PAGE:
League City moved closer to allowing battery energy storage systems, or BESSs, to set up shop in town, but a few key approvals are still needed.

What you need to know

At a June 11 workshop, city staff presented a possible ordinance that would create a number of restrictions and requirements for any BESS companies interested in coming to League City.

The ordinance being proposed lists out a number of requirements tied to safety, aesthetics, decommissioning and location, according to city documents. Some of the key requirements include:
  • A minimum of 200 feet away from residentially zoned land, which could increase depending on plume, or fire safety, studies that are also required by each applicant
  • Receiving a special use permit to build-out, which gives the city the ability to approve and reject each individual application
  • Aesthetic requirements, such as perimeter walls and landscaping
  • A plume study to see how much space might be needed for each applicant
  • Noise studies in certain circumstances
  • Decommissioning requirements, such as bonds and returning land back to its predevelopment state
  • Insurance
  • Having a response plan and meeting certain monitoring practices
Some additional changes were discussed at the workshop. Officials confirmed changes can be made until final approvals.

How we got here

There are three BESS facilities being considered in League City. Two have gone through some level of city meetings, while the third has not yet appeared on any agendas.

The smallest of the bunch, Stella Energy Solutions, is pitching a 10-megawatt facility near FM 646 and Caroline Street. That facility went up for approval at City Council in April but was tabled until the city could pass an ordinance creating parameters for such sites.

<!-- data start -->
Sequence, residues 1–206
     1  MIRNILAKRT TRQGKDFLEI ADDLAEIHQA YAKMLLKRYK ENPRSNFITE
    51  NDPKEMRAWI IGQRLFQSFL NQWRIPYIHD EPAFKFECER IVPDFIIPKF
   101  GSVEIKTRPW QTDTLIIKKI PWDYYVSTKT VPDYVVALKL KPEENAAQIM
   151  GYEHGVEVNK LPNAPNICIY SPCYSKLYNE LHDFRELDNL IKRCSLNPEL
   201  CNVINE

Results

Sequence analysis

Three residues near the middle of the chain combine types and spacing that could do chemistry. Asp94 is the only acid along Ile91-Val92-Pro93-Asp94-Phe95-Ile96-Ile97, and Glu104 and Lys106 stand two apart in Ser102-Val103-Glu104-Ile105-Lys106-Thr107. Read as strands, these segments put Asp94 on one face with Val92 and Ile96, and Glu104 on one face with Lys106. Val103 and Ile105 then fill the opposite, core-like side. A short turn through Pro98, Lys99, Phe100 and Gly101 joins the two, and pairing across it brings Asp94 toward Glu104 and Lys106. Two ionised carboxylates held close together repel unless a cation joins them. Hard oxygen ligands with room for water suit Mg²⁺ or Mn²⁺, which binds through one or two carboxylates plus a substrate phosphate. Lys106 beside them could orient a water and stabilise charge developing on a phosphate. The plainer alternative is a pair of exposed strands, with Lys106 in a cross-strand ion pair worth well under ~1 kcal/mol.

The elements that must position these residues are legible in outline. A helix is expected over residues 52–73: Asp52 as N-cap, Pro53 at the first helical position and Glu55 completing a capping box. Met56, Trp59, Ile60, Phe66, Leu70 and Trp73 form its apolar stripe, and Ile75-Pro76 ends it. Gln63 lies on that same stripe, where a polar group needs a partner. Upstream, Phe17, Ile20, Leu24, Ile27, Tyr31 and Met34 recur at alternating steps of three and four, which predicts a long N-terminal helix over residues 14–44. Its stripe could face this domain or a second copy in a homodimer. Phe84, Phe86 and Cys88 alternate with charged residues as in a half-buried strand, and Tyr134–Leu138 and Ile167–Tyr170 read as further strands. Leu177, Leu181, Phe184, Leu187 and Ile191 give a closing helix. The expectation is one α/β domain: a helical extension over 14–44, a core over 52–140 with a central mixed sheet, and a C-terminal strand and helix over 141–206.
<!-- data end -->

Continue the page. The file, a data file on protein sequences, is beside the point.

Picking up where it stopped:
A BESS is a series of batteries traditionally built near substations that stores energy and transfers it back to the grid when there is higher demand, according to city documents.

What they said

Both city officials and residents at the meeting spoke about how it felt inevitable that these types of facilities would come to the city. As a result, much of the comments focused on creating high safety standards, rules for aesthetics and restrictions on where they can be set up.

“The rationale behind building [these facilities] is sound,” resident Gray Meyer said at the workshop. “However, the rush to build ... is premature. Until all the city, county, state codes, regulations and fire departments have caught up with technology ... we should act with caution.”

Stay tuned

The ordinance will go to the city’s planning and zoning commission meeting on June 17. The board will make a recommendation to City Council, officials said at the workshop. Afterwards, it will go up for the first of two votes at City Council’s June 25 meeting.

If the ordinance receives the first approval, it will go to council’s July 9 meeting, where, if it receives a second OK, it will go into effect, city officials said.